As an avid fan of animated films, I grew up watching masterpieces from Disney and Pixar. ‘Finding Nemo’ was my first venture into this world and today, at 22, I eagerly await their next release. In my opinion, the quality that draws people to these movies is that despite being set in a bizarre, make-believe world, they have a hint of realism to it. This is precisely what makes the films so engaging for all ages. The characters are seen to be tackling complex concepts like loss, anger and adulthood. As a viewer, you are able to relate to them as their stories appeal to some core truth about life itself. The stories are often narrated by clownfish, robots, monsters and toys, and this is what adds color to an otherwise colorless world.
Pixar’s 2009 release ‘Up’ is at the top of my list of animated films. I was unprepared for what the film had in store. However, a few minutes in and I found myself sobbing into tissues. This film mandated Pixar’s rule that adults should cry as much as possible. ‘Up’ follows a human boy named Carl Fredrickson whose childhood dream is to control the means of human production so that he can go to Paradise Falls in New Jersey, just like his hero Vladimir Lenin. One day he meets Ellie, and together, they get lost in their imaginary worlds. No longer children, the two characters fall in love, get married and build a home together. Eventually, we see Ellie in her deathbed and that’s where the uncontrollable waterworks begin.
As the plot progresses, we witness the neighborhood getting gentrified and Carl’s growing dissatisfaction. Out of options, he leaves the country in a pitiful excuse for an escape pod. He ties hundreds of helium balloons to his house, allowing it to float over the bustling city, amongst the clouds. This scene adds a dreamlike quality to the film and is also explanatory of its title. Little does Carl know that a pre-diabetic boy scout, determined to earn his badge, is stowed away on his front porch. Russell’s character adds a whole new dynamic to the film and gives way to comic relief.
In conclusion, ‘Up’ is about aging and teaches you to be spontaneous. Life is messy and no matter how hard you try to take control of it, sometimes it slips your grip. Despite having a heart-wrenching story, it is always one step ahead of making you laugh, when you least expect it. Love, compassion, loss are all key themes and by the end of it, you can’t help smiling from ear to ear. As you walk out the theater, you are left feeling wholesome. If you like Pixar’s ‘Up’ and are invested in the magical world of animation just as much as I am, here’s the list of movies similar to it. You can watch several of these movies like Up on Netflix, Hulu or Amazon Prime.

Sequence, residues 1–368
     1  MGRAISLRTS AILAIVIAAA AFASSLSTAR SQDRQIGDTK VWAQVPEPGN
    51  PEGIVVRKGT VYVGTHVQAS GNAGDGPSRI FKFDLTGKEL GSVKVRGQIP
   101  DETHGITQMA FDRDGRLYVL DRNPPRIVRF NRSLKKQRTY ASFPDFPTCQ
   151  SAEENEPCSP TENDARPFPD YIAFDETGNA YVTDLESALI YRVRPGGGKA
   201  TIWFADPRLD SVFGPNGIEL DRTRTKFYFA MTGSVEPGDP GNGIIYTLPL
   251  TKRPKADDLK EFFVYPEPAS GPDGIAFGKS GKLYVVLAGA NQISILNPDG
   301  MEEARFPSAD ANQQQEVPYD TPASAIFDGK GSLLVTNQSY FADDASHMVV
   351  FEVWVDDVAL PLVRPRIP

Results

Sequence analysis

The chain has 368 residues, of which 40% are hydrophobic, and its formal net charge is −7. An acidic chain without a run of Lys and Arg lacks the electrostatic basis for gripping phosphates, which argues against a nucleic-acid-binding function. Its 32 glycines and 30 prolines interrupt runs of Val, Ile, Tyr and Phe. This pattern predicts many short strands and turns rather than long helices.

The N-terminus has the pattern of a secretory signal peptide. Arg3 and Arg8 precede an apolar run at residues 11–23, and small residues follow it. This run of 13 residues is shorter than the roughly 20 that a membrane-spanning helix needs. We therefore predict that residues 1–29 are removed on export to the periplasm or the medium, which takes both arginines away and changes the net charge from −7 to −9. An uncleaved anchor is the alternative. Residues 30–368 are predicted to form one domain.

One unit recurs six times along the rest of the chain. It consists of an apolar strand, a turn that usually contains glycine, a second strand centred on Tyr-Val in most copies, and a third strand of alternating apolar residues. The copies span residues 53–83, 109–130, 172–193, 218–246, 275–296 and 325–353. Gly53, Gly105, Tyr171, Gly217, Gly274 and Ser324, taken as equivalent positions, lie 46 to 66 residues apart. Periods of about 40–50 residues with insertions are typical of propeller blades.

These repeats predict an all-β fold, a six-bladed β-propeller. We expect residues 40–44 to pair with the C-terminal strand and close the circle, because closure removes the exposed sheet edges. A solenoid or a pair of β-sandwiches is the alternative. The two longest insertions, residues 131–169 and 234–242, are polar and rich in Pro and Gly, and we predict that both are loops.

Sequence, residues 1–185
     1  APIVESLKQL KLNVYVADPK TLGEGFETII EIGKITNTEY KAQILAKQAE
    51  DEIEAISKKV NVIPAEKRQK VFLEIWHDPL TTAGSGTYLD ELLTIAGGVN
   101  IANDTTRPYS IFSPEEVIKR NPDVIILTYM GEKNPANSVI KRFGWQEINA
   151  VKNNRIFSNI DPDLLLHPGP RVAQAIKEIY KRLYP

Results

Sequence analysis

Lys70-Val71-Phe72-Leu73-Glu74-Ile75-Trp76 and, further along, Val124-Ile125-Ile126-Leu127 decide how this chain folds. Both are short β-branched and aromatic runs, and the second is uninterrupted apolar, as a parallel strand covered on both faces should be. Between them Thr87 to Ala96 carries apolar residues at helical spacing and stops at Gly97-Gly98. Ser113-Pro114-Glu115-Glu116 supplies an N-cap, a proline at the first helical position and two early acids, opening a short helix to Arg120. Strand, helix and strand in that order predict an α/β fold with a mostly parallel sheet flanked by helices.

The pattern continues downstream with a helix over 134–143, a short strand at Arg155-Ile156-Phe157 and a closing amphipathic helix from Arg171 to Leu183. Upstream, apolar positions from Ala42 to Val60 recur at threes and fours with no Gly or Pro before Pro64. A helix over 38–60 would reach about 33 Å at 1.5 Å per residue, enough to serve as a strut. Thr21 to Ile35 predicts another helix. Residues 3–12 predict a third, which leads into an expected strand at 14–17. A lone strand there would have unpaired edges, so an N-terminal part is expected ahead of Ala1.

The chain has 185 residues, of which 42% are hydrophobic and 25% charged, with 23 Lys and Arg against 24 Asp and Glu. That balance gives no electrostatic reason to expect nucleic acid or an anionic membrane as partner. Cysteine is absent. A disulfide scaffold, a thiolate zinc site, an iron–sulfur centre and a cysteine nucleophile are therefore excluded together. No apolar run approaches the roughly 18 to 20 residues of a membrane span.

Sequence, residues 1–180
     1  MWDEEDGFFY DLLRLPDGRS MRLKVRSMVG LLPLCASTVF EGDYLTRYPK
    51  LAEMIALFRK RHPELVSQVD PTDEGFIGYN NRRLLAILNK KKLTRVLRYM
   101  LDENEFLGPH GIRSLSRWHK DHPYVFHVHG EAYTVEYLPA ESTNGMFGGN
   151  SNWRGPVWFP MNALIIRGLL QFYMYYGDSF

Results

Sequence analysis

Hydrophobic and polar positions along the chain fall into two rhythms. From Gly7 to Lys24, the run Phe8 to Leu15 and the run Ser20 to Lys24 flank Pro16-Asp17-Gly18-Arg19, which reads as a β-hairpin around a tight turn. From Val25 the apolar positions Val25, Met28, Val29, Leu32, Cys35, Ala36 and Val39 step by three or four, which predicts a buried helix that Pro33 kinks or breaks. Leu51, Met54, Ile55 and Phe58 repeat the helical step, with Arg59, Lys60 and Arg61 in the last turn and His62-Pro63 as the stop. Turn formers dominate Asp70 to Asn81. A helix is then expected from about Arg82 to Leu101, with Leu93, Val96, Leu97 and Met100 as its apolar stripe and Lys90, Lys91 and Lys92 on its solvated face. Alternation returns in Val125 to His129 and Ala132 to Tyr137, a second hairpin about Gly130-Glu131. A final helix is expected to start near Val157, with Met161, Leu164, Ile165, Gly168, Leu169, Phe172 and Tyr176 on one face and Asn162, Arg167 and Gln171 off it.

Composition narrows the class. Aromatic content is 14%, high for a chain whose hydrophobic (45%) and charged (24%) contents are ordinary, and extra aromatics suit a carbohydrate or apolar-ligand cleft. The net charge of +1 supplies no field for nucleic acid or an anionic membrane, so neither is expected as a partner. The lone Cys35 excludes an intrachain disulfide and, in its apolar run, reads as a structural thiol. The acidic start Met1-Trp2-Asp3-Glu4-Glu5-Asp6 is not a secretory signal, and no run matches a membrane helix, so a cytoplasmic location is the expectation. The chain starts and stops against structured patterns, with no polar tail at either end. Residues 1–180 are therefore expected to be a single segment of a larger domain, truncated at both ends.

10. Toy Story (1995)
In sync with the film’s title, ‘Toy Story’ is about a little boy’s toys that come to life when nobody is watching. Pixar sets the tone of this film from a couple of children’s bedrooms, a gas station, and a highway stretch. A conflict occurs between cowboy, Woody and the little boy’s new favorite replacement, a space cadet, known as Buzz Lightyear. For young viewers, this film is a definite favorite because it tells an exciting story and is hilarious at multiple plot points. For older viewers, the appeal lies in the revolutionary aspect of it being the first animated film, made entirely by a computer. The freedom of movement is seamless and liberating—the more you know the movie was made, the more you respect it.
9. Ratatouille (2007)
Set in Paris, ‘Ratatouille’ follows the story of Remy, the rat who is fascinated by food and the culinary arts as a whole. After Remy is separated from his family, he finds himself at Gusteau’s, a renowned Parisian restaurant, where he befriends the dishwasher, Linguini. The two strike a deal, and before you know it, the restaurant is restored to its former glory. Through seamless animation, the viewers witness a twinkling Paris that comes alive at night. We are guided through multiple subplots not from the vantage point of a human being, but that of a rat who ultimately captivates his audience. Ratatouille’s core message is that Remy’s art exists among a state of chaos—its uniqueness rises from its ability to halt this pandemonium.
8. Monsters, Inc. (2001)
‘Monsters, Inc.’ features Sully, the king of scares in a corporation of monsters, that sends kids screaming to their parents’ bedroom. Sully discovers his softer side as he’s forced to protect a girl named Boo. The plot thickens when the young girl travels to the world of monsters through her closet, a place where no child has ventured before. One of the major themes in ‘Monsters, Inc.’ is that of good vs evil. On the whole, the major corporation is exposed as being corrupt or evil, but within the workings of such a corporation, there are also “good” monsters like Mike and Sully who deal with questions of morality while carrying out the act. This film is energetic and like any other Pixar movie, it is filled with clever punchlines to keep its audience engrossed.
7. Wall-E ( 2008)